2022 William Muir Edwards Citizenship Award: Eric Kwas, Mechanical / Biomedical Engineering

“Helping others is what gives life meaning, and achieving that through my profession will be my life’s great work.” — Eric Kwas

Donna McKinnon - 21 November 2022

Eric Kwas is passionate about making medicine more accessible and socially conscious, and he believes that the Biomedical (Mechanical) Engineering specialization program, where he is currently a fourth year student, is an ideal path to this goal. It’s a passion informed by his personal experiences as the younger brother of an individual with Autism Spectrum Disorder (ASD).

“I have been heavily involved in the ASD community my whole life, and I would love to research movement disorders related to autism,” says Eric. “For the issues that already have scientific solutions, I want to develop affordable technologies based on that research and affect real progress.”

Eric takes a somewhat unorthodox approach to his studies which is intentionally interdisciplinary, with courses in sociology, psychology and French augmenting his biomechanics program.

This thirst for knowledge extends beyond the classroom to an impressive array of community-based volunteer activities. Special Olympics Edmonton is a particular focus and over the last four years, he has served as a coach for Track and Field and the Walking Club. He also sits on the Provincial Board of Directors as Youth Representative.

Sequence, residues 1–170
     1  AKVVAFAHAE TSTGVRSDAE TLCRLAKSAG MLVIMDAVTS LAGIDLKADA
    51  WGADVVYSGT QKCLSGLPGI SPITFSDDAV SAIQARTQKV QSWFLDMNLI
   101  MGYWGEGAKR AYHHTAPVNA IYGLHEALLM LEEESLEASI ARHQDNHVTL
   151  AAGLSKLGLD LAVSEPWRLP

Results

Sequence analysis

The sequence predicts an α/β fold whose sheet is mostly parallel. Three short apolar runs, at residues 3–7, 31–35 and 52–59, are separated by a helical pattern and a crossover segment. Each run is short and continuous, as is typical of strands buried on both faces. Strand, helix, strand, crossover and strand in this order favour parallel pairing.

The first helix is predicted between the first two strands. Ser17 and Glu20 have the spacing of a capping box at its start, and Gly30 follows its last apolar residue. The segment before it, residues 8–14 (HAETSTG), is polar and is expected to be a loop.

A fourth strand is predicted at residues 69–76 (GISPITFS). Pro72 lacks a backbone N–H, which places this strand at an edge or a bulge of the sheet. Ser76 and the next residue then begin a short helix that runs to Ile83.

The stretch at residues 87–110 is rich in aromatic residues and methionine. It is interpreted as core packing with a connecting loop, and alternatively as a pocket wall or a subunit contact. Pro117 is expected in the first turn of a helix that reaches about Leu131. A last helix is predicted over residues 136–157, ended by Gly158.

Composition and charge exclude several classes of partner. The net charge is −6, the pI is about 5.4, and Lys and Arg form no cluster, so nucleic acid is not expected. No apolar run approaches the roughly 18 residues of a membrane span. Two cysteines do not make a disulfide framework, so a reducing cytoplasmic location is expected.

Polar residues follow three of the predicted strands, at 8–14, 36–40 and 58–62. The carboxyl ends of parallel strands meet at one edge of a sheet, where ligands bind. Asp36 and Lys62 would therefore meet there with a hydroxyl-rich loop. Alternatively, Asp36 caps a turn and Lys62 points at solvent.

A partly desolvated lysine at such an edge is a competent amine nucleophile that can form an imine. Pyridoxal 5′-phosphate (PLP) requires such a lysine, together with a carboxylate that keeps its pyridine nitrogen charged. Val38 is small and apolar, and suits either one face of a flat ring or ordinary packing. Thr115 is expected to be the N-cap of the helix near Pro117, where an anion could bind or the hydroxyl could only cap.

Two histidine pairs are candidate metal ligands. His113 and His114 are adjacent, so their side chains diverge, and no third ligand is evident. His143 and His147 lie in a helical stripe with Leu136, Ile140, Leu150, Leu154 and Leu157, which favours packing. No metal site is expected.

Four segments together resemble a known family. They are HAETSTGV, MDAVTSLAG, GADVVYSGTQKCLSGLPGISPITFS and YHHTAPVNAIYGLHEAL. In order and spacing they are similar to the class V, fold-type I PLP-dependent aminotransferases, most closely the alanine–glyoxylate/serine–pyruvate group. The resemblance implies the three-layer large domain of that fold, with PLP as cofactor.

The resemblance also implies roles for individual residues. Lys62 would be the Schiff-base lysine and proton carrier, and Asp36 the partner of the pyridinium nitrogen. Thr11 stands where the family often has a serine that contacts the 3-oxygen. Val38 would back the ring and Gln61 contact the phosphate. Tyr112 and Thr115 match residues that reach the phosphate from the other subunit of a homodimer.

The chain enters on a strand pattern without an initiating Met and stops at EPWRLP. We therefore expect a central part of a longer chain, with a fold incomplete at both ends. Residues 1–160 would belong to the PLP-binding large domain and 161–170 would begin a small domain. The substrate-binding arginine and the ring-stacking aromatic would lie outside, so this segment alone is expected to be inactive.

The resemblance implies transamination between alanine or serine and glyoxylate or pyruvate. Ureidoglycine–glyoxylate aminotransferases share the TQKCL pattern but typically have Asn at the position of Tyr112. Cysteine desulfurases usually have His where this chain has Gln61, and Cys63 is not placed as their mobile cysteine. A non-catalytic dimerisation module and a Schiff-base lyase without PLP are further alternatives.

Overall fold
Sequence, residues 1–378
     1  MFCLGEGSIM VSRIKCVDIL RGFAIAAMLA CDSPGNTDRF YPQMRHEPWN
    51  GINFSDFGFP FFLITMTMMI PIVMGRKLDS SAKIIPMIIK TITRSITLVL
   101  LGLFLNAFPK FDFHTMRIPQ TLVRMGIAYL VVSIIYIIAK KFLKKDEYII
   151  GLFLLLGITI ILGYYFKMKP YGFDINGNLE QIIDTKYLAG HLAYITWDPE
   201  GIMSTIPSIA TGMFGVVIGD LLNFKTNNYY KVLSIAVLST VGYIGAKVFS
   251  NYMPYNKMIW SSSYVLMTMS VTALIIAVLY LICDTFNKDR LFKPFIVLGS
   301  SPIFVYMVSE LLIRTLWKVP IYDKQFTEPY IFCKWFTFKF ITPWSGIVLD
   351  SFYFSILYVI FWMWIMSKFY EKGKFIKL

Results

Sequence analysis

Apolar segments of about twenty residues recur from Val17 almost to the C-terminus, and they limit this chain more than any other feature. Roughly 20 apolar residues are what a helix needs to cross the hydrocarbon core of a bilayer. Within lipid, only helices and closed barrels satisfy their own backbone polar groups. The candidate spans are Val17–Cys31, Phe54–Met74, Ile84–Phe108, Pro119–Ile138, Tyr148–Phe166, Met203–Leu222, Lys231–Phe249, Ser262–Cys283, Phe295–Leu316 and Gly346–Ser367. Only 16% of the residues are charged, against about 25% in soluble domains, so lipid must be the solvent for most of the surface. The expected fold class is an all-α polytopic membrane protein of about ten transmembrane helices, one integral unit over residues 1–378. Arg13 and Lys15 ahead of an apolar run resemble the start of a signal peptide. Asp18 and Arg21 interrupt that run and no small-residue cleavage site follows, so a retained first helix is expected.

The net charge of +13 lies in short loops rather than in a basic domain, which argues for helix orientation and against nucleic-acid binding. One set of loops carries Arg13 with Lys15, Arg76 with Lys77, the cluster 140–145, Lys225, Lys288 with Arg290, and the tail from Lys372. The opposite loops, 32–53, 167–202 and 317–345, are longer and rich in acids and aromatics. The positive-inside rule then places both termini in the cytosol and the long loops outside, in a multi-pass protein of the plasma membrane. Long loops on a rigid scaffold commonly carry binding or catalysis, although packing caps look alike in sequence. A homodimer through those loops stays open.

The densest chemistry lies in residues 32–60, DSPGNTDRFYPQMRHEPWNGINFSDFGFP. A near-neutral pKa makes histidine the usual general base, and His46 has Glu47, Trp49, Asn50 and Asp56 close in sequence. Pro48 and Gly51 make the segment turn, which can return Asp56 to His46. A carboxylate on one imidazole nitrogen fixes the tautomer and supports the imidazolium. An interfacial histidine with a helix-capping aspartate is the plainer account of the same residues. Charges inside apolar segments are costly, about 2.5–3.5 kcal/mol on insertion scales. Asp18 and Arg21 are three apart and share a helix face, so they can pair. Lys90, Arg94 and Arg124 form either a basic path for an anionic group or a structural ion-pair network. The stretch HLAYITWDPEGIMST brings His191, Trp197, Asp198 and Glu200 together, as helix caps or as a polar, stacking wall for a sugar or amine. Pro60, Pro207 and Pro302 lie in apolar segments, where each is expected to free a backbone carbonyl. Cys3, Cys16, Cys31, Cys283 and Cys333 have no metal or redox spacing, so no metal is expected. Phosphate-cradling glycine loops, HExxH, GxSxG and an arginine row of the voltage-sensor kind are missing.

“I could never understand how he divided his time between so many clubs and activities [including the University of Alberta Mixed Chorus, where he also serves as vice-president, and the Biomedical Engineering Club],” says Cole Hoff, a friend and classmate. “But Eric has always told me he would never give up his individuality for a GPA. By surviving engineering with such a workload while also making it into biomedical engineering, he has shown his passion and dedication for the subject matter.”

As for coaching athletes with the Special Olympics, Eric says it’s not just about running fast. 

“Coaching has opened my eyes to the whole autism community, helping me realize they are not just “people like my brother” but individuals with rich, vibrant personalities,” he explains. “The general society does not see this, and I want to change that. Since many of my athletes have ASD, and are therefore especially prone to depression, isolation, sedentarism and unhealthy eating habits, my primary goal for them is healthy living. I try to facilitate discussion, friendliness and team spirit as opposed to pure competition.”

Lenny Andrichuk, who has also volunteered with the Special Olympics in a variety of roles, sees similarities between William Muir Edwards and Eric, particularly in terms of their shared dedication to the community. 

“The maturity he displays with his older brother is beyond anything I’ve witnessed over the last 22 years volunteering with people who have intellectual disabilities,” says Andrichuk. “It’s interesting how, when he first started, I considered myself a mentor to Eric. Well, this mentor has learned as much as he’s taught over the last five years.”

Named in honour of the Faculty of Engineering’s founding professor, the William Muir Edwards Citizenship Award recognizes Engineering at Alberta undergraduate students who have made exceptional contributions to society. It’s a celebration of citizenship and of engineering students who go to extraordinary lengths to make our world a better place. Special thanks to the David Morris Family Foundation for supporting our students and making the William Muir Edwards Citizenship Awards possible. 

Do you know an undergraduate student whose volunteerism, contributions, and efforts, both on-campus and off-campus, work to make the world a better place? Learn more about the nomination process here